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I've recently completed doing almost exactly what you're up to, except I was using mostly 'include pages' rather than borders.
Main advantages of using frames for me were:
1) The content page was almost all content, very light on other things that could distract a search engine (and also loaded very, very quickly).
2) My table of contents frame for each section of the site could be quite extensive since the page only had to load one time within the frameset.
3) I could take a page from any folder anywhere and stick it in a frameset where it was needed just by including a link in the table of contents for that frameset.
Now, the problems I've had converting to a 'flat' format:
3) Those pages that served double duty in different framesets are now giving me a problem. If I use the 'Widget A' page in three different sections, which table of contents do I include on the page? A general one where the user might feel lost, or put a separate Widget A page in each section? I'm still fighting with it. I have to restructure much of my directory scheme to more closely match the navigation structure.
I don't use Frontpage borders except for the bottom footer on each page and can't remember how it handles the left and right borders. Do you need different borders for different sections or will one border suffice for all pages? I mostly use the 'include page' function. I find them a bit clunky to use but it is doable. This thread [webmasterworld.com] touches a bit on it.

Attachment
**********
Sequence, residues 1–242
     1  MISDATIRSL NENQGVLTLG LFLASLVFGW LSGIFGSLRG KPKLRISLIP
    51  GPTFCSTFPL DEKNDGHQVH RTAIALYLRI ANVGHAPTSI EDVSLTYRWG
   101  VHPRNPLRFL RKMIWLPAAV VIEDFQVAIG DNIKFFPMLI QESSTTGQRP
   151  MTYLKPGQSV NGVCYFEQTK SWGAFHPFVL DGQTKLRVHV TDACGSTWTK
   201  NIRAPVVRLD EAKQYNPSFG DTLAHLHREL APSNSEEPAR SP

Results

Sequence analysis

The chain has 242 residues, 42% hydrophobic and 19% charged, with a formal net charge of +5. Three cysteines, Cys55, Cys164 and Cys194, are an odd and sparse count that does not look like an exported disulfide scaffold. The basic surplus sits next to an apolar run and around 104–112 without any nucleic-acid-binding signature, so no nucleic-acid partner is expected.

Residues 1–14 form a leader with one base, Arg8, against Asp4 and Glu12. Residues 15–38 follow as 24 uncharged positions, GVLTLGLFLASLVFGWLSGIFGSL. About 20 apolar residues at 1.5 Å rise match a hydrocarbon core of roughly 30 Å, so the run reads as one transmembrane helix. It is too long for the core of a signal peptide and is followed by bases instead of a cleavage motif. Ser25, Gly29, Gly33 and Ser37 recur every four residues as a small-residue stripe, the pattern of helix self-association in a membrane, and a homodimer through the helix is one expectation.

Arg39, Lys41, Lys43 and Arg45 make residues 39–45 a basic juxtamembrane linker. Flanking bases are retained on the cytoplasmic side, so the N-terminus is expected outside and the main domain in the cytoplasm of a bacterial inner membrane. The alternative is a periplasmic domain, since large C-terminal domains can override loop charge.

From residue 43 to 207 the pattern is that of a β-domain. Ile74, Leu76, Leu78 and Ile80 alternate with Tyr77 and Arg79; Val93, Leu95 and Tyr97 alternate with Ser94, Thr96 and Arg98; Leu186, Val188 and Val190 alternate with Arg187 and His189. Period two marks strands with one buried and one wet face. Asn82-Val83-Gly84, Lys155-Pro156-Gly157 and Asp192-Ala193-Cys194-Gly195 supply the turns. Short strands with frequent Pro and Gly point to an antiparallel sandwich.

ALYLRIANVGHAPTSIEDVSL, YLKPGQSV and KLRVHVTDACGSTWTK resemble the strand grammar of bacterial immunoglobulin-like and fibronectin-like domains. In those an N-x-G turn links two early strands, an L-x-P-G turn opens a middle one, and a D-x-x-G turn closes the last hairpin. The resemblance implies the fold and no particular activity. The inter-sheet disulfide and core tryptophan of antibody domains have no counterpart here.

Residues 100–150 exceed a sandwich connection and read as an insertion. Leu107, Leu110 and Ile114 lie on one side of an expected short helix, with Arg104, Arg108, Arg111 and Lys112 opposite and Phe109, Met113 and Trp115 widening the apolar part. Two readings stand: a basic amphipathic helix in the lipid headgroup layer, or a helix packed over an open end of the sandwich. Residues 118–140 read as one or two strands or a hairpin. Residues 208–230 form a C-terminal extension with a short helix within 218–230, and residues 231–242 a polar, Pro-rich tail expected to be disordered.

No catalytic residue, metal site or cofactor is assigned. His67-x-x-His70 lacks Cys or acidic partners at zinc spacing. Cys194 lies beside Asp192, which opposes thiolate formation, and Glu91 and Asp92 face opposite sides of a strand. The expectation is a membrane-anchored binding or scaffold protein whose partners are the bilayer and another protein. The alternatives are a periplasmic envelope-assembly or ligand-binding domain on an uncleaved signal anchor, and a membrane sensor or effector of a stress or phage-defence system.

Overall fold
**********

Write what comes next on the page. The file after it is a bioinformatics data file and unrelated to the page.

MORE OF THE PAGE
To sum up whatever the heck I said: The page size is going to change as will the text to code ratio. Hand-in-hand with that is that you may have to rethink your overall navigation structure and how you have your files and folders ordered.
Did I make any sense?
I'd say if you can come up with a good navigation system and keep the page light you should go for it.
In fact, it you're seriously considering a major redesign you might take a stroll over to the CSS forum [webmasterworld.com] and see what Nick_W and the folks there have cooking. The CSS Library [webmasterworld.com] is crammed full of stuff that will get you started on building a very light CSS page. I built my first one -- that worked -- in about 15 minutes and am now tweaking that for a redesign on a site.
Think you should check that out before you make any decisions and maybe get a few more opinions (you'll not want for those around here).
Put this on the frames page HTML
This works very good for me. I have no problems at all. Everything gets indexed and scores quite well for what I want. For the surfer and the bots, the pages load instantly and are indexed properly.
Like jimbeetle, I use include pages for navigation and common components.
They basically have the same effect as shared borders, but allow more flexibility.
2 / 3 column table depending on site.
Spare row at top and bottom.
I use include pages for the top and bottom parts (both tend to be main nav links - top has logo - bottom has disclaimer type info).
The side column(s) I use for navigation or internal advertising.
By using include pages I can make changes site wide to navigation (and in some cases standard content) without much trouble, although I believe this is similar to shared borders.
However, I tend to use a centred 760 pixel table for my page, so using the side shared borders for navigation complicates that (not sure if itīs possible with shared borders or not - really havent used them much).
Perhaps, what I should have said is that they are more flexible for me. :)
It really depends what you are used to, be I would recommend experimenting with include pages for your naviagtion to see what works for you.